Mark Haddon (no significant spoillers)

minnow at minnow at
Sun Feb 15 17:21:42 EST 2004

A couple of weeks ago Charlie and Jon were more or less in agreement about
thinking *The Curious Incident of the Dog in the Night-Time* was

>> very well done, very clever, very engaging.

and Jon:

>I found it a very easy read

I read it this afternoon (there was a copy there, and I was letting someone
I had given a lift to a place have her hostess' attention all to herself).
I wasn't all that struck.  Given the options I had available, that or a
stack of old magazines mostly about rebuilding one's house and improving
it, I'd probably make the same choice again, but it would be a toss-up: I'm
quite interested in the idea of building a bread-oven.

I was reminded of Molesworth (but without the humour): somebody doing a
good job of presenting a persona it can be assumed the reader is not but is
familiar with to some extent, or at least has come across in passing.  And
I was reminded of "Flowers for Algernon", slightly, but without the
appalling, tragic and wonderful point that story had to make.

My feeling was simply that TCIOTDITNT didn't *go* anywhere, nor take me
anywhere much.  I mean, things got discovered and learnt and achieved, but
it didn't seem to have led to anything in particular.  I came off the last
page with the words "Author's Message" hammering in my brain (with
curlicues taking over the screen like the bit in the film *What's New
Pussycat?*) on account of the last paragraph or so -- well, hey, that is
just a bit laid on with a trowel, thought I to myself -- and a general
notion about some bits of it that the author had done his research on a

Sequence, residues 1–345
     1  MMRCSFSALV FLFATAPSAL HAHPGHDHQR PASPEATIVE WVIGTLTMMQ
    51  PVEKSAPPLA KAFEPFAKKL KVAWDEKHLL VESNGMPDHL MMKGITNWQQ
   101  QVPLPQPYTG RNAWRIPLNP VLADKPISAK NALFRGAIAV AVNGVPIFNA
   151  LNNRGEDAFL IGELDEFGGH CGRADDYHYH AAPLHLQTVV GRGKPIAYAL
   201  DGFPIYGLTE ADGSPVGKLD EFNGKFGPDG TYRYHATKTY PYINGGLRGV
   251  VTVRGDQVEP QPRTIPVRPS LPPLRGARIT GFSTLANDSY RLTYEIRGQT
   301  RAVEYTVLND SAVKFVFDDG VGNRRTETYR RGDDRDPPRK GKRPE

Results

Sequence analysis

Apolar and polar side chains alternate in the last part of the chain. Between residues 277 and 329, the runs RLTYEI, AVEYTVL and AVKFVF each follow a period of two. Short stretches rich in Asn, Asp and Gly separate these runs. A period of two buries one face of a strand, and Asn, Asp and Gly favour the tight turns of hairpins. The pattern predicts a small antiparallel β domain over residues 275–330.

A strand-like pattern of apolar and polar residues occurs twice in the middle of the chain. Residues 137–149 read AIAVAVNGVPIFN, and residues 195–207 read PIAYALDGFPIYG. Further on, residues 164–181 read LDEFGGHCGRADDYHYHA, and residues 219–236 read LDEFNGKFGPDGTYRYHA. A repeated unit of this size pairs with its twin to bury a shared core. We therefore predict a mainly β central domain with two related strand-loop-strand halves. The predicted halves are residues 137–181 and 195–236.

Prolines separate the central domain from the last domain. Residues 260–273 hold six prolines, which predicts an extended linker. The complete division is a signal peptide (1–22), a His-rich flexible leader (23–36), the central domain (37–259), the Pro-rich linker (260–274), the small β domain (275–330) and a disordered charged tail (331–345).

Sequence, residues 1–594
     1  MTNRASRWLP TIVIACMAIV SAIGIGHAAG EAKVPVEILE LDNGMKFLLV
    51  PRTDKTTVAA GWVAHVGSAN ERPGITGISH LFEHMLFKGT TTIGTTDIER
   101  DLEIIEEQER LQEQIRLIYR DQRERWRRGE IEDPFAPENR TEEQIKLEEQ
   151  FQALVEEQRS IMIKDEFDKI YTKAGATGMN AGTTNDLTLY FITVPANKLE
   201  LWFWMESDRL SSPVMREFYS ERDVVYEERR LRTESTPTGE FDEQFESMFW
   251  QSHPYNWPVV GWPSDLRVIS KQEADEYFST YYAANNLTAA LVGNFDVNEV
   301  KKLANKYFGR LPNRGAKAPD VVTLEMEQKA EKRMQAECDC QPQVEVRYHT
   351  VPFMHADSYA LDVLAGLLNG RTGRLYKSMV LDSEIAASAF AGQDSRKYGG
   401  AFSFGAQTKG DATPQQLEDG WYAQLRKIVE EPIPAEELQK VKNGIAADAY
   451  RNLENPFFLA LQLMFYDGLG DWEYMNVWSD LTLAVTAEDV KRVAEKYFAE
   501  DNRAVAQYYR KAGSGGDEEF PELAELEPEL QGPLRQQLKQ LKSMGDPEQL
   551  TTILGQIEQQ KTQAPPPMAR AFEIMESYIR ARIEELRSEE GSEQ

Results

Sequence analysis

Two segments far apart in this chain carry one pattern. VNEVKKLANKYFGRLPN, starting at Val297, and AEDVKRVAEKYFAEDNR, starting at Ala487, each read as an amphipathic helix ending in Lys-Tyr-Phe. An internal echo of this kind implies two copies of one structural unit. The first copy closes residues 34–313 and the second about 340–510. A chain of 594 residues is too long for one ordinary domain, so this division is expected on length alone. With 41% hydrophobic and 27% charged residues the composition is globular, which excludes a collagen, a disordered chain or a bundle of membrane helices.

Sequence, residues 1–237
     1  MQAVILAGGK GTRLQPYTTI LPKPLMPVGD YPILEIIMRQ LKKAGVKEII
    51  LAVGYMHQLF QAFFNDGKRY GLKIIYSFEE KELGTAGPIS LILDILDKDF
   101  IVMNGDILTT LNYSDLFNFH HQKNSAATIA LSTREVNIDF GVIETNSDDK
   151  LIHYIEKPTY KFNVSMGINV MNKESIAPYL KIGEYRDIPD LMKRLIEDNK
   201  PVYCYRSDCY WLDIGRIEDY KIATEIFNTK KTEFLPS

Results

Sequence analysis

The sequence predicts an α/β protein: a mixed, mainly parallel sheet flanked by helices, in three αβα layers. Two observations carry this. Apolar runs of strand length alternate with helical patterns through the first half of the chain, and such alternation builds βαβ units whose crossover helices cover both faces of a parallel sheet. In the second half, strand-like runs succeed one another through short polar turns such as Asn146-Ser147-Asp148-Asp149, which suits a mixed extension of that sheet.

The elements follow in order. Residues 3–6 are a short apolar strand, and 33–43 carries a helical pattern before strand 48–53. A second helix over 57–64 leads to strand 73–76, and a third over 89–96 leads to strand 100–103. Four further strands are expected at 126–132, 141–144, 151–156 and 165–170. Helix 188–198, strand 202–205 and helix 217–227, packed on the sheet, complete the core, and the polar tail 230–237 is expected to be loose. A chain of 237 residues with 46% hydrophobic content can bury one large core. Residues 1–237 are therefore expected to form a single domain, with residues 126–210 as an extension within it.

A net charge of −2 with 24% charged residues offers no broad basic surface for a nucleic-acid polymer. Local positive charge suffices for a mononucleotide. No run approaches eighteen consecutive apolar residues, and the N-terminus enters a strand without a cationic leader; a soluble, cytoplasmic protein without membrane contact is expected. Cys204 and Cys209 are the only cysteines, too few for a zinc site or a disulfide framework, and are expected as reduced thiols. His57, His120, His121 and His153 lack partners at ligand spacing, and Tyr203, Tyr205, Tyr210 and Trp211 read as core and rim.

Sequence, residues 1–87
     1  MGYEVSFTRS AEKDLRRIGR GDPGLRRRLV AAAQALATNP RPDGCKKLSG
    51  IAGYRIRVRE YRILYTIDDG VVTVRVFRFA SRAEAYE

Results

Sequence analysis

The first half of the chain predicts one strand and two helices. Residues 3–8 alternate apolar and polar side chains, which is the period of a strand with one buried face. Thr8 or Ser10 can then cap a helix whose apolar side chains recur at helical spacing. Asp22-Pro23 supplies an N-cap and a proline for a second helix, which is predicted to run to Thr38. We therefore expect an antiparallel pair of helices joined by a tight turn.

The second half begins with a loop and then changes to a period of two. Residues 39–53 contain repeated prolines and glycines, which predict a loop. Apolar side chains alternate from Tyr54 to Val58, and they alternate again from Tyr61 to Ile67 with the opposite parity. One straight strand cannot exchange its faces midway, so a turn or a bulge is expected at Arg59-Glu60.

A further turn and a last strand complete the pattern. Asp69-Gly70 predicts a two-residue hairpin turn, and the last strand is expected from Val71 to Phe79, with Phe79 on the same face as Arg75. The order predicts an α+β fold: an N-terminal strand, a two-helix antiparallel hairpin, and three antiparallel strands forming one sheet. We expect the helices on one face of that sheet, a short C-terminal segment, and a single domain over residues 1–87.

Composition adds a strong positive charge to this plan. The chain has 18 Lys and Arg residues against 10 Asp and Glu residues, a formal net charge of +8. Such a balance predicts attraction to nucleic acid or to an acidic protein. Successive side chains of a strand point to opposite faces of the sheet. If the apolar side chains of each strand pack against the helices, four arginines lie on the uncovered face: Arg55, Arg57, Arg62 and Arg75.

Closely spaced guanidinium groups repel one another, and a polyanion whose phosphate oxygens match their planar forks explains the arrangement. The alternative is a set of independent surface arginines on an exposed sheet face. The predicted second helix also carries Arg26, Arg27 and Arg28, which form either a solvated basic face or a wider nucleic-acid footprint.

particular form of what is called autism competently.[1]  Not wanting to
spoiler I shan't specify except to say that at least some of the
circumstances would be enough to upset anyone whether autistic or not, and
that the way of dealing with them (more or less dealing with them,
sometimes less) seemed reasonable given the character of the protagonist.

The lady whose (borrowed) copy I had been reading told me when I surfaced
that Elizabeth Moon in *Speed of Dark* made a better job of writing
first-person-autistic, as far as *she* was concerned.  Anyone on the list
have any view on that?  I've been told it was written from the position of
having a lot of experience of living with someone autistic, and have been
meaning to read it when I got the chance, but so far a copy hasn't happened
to come my way.  Is it worth seeking one out, anyone?

[1]Oh, and a near-certainty that if this book gives a fair picture of a
form of autism, if Nikola Tesla wasn't classified as autistic it was only
because the term hadn't been invented in time (autism doesn't get listed in
any of the dictionaries in this house pre-dating 1988, a bit late for
Tesla).  As it was they simply called him "eccentric", I think.


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